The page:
During tire building, things can happen that affect the outside appearance of the finished sidewall of the tire. During the tire manufacturing process an overlap, or gap, in the cord material will show up in the finished tire as Bulges or Depressions. Bulges and depressions are appearance problems, which may become serious enough to prevent the tire from being sold. 
[Balance] Imbalance Cause and Effect
All tires and wheels have some measurable imbalance, typically caused by inaccuracies in tire components, construction, and curing; and inaccuracies in wheel manufacturing. Imbalanced tires and wheels cause the following ride disturbances:
 vertical forces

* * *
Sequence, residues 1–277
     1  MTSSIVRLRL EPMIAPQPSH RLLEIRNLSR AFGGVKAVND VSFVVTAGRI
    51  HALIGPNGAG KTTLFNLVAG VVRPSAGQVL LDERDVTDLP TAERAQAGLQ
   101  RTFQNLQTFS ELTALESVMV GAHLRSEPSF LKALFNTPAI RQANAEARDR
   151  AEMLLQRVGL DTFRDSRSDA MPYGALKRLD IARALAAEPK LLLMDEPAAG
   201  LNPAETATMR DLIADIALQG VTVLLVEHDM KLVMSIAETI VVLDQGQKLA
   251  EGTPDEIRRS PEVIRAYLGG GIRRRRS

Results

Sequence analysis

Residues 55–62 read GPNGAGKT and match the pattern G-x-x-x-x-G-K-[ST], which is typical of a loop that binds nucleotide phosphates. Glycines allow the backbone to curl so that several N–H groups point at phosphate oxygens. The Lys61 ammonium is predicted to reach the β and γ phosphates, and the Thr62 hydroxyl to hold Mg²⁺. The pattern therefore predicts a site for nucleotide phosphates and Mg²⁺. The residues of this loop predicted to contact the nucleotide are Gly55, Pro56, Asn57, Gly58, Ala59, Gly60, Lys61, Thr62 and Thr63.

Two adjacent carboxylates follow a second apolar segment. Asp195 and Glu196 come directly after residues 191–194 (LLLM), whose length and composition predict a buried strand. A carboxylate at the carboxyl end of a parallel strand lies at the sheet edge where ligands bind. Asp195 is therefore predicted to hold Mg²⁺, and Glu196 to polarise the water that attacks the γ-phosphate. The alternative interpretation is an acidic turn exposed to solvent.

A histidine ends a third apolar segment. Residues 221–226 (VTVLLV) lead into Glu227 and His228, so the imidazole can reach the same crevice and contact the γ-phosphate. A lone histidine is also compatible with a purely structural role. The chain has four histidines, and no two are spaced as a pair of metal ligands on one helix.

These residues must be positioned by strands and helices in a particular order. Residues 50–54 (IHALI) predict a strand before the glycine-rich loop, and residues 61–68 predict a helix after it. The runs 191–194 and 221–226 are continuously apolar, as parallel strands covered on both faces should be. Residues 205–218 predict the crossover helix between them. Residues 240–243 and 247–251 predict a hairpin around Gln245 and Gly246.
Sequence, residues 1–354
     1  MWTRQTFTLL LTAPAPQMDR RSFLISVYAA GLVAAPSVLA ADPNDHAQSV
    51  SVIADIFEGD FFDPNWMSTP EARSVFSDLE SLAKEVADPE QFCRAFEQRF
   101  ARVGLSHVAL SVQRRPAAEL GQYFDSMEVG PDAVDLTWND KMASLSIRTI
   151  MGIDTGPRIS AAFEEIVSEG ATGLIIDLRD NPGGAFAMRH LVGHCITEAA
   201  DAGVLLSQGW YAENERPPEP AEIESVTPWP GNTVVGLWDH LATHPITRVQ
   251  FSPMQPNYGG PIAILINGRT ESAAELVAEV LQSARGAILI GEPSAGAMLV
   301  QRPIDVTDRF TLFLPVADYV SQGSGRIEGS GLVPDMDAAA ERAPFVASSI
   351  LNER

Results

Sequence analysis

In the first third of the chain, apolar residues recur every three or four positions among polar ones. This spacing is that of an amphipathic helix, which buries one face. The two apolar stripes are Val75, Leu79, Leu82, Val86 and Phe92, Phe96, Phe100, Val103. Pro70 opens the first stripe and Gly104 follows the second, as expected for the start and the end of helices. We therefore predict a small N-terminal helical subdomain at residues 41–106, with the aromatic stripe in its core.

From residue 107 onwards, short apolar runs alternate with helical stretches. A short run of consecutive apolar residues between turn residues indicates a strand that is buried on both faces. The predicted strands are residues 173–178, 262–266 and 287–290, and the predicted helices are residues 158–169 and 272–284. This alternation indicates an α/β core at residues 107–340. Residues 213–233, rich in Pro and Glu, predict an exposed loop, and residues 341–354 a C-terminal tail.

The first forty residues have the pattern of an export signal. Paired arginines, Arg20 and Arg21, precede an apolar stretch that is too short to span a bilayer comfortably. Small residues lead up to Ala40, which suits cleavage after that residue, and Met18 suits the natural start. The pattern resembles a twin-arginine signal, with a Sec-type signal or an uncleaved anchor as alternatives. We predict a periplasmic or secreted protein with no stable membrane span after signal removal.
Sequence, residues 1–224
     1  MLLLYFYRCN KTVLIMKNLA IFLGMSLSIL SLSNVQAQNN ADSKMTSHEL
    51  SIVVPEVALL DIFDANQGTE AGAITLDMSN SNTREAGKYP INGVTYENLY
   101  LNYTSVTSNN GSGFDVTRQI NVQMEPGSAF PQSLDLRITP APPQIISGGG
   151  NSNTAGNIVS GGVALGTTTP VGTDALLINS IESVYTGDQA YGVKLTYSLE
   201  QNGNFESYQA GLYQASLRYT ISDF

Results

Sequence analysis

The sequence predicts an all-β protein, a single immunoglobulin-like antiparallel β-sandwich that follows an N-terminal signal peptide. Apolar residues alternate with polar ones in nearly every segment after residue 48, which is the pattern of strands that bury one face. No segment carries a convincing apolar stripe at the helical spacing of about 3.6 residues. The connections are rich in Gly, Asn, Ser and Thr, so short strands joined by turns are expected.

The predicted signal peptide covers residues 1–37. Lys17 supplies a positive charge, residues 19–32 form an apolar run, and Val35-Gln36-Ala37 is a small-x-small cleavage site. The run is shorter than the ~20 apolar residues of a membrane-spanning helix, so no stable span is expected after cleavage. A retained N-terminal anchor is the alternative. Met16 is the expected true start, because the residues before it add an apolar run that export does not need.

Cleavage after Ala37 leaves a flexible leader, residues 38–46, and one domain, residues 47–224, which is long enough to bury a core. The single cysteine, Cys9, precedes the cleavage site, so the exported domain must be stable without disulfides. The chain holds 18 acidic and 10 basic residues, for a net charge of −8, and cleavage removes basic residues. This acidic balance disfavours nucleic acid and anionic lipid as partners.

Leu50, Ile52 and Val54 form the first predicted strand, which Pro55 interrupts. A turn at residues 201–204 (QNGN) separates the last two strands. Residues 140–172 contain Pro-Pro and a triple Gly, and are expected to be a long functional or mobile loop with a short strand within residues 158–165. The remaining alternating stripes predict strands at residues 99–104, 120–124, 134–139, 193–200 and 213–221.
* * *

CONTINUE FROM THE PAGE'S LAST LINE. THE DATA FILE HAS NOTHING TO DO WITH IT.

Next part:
foreaft forces
 steering moments
 camber moments
[Balance] Principles of Imbalance Forces and Moments  Centrifugal Force
Centrifugal Force

[Balance] Principles of Imbalance Forces and Moments  Measurement System
Measurement System

[Balance] Types of Imbalance  Static
Static Imbalance This Figure illustrates the static imbalance concentrated mass at the TWA centerline. The centrifugal forces are shown as continuous waveforms, which will be analyzed to determine mr. 
[Balance] Types of Imbalance  Couple
Couple Imbalance This illustration shows a TWA with two mass concentrations, equal and opposite in direction, and on opposite sides of the TWA centerline.

[Balance] Types of Imbalance  Dynamic
Dynamic Imbalance Dynamic imbalance is the combination of static and couple imbalance. Dynamic imbalance is simulated using weights positioned in typical static and couple scenarios. As a vehicle travels at a high rate of speed, the passengers may experience a combined bouncing and wobbling sensation. 
[Balance] Imbalance Correction